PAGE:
NASA has conceded that climate models lack the precision required to make climate projections due to the inability to accurately model clouds.
Clouds have the capacity to dramatically influence climate changes in both radiative longwave (the “greenhouse effect”) and shortwave.
Cloud cover domination in longwave radiation
In the longwave, clouds thoroughly dwarf the CO2 climate influence. According to Wong and Minnett (2018):
• The signal in incoming longwave is 200 W/m² for clouds over the course of hours. The signal amounts to 3.7 W/m² for doubled CO2 (560 ppm) after hundreds of years.
• At the ocean surface, clouds generate a radiative signal 8 times greater than tripled CO2 (1120 ppm).
• The absorbed surface radiation for clouds is ~9 W/m². It’s only 0.5 W/m² for tripled CO2 (1120 ppm).
• CO2 can only have an effect on the first 0.01 mm of the ocean. Cloud longwave forcing penetrates 9 times deeper, about 0.09 mm.
Image Source: Wong and Minnett, 2018
Cloud cover domination in shortwave radiation
In its shortwave albedo capacity, cloud cover modulates the amount of solar radiation that warms the ocean. Changes in the Earth’s radiation budget “are caused by changes in tropical mean cloudiness.” (Wielicki et al., 2002).
When cloud cover increases, less shortwave radiation reaches the surface, leading to cooling. When cloud cover decreases – as it has since the 1980s – more solar radiation is absorbed.
Image Source: Herman et al., 2013
Image Source: Poprovsky, 2019
Image Source: Loeb et al., 2018
IPCC and NASA acknowledge that we can’t model clouds with requisite accuracy
The IPCC has admitted there is a great deal of “continuing uncertainty” in the sign and magnitude of the cloud influence. Most models indicate a positive feedback (more warming), but this “is not well understood” and the IPCC scientists “are not confident that it is realistic.”
Image Source: IPCC (2013)
NASA has been even more candid about the massive uncertainties associated with cloud climatology.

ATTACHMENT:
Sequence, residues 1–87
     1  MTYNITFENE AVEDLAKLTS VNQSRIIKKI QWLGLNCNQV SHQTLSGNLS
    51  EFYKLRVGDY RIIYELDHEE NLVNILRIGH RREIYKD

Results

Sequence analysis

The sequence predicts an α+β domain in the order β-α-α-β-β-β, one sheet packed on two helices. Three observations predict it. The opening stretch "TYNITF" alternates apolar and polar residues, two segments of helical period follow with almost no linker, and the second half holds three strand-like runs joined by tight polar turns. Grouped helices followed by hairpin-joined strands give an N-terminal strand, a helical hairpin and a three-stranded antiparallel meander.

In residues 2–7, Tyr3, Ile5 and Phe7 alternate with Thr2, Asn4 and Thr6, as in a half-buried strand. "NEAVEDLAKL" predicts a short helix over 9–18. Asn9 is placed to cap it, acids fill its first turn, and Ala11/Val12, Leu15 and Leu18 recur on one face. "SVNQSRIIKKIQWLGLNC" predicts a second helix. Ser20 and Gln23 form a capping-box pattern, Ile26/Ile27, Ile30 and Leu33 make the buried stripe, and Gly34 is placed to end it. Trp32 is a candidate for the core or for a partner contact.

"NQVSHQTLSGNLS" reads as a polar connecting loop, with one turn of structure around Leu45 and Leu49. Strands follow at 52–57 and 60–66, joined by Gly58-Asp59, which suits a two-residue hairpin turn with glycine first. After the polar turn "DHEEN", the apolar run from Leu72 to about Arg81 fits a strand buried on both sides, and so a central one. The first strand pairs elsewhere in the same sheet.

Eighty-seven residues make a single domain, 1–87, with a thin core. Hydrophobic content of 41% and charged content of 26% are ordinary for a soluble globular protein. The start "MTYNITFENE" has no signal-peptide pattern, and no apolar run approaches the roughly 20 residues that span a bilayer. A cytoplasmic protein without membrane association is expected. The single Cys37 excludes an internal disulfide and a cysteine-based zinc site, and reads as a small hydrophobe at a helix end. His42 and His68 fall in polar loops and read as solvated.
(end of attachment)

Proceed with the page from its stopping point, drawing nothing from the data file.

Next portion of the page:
Some clouds “cool more than they heat” and other clouds “warm more than they cool.”
In some models “clouds decrease the net greenhouse effect, whereas in others they intensify it.”
Because the uncertainties are so pervasive, NASA concludes that “today’s models must be improved by about a hundredfold in accuracy” if we wish to make climate projections.
Image Source: NASA
Uncertainty in the effects of cloud forcing are 20-40 times larger than the projected greenhouse gas warming for the next century
Due to the enormous uncertainties associated with cloud cover changes, the IPCC’s CO2 emission scenarios used to calculate warming are reduced to the realm of nearly evidence-free presumption.
Using the IPCC’s emission scenarios, for example, the projected greenhouse gas-induced warming by 2100 is 3.7°C. Due to cloud forcing errors, the uncertainty in this projection is ±130°C!
“When both the cloud and the forcing uncertainties are allowed to accumulate together, after 5 years the A2 [greenhouse gas-induced] scenario includes a 0.34°C warmer Earth but a ±8.8°C uncertainty. At 10 years this becomes 0.44±15° C, and 0.6±27.7°C in 20 years. By 2100, the projection is 3.7±130°C.”
Image Source: Frank, 2008
Unless we can model clouds, we cannot model climate with any precision
Due to the dominant influence of cloud cover in facilitating climate change, dramatically improving our woefully insufficient capacity to model clouds is both necessary and fundamental.
Climate science should rise to the challenge rather than continuing to gloss over or even dismiss the profound cloud modeling problem undermining climate projections.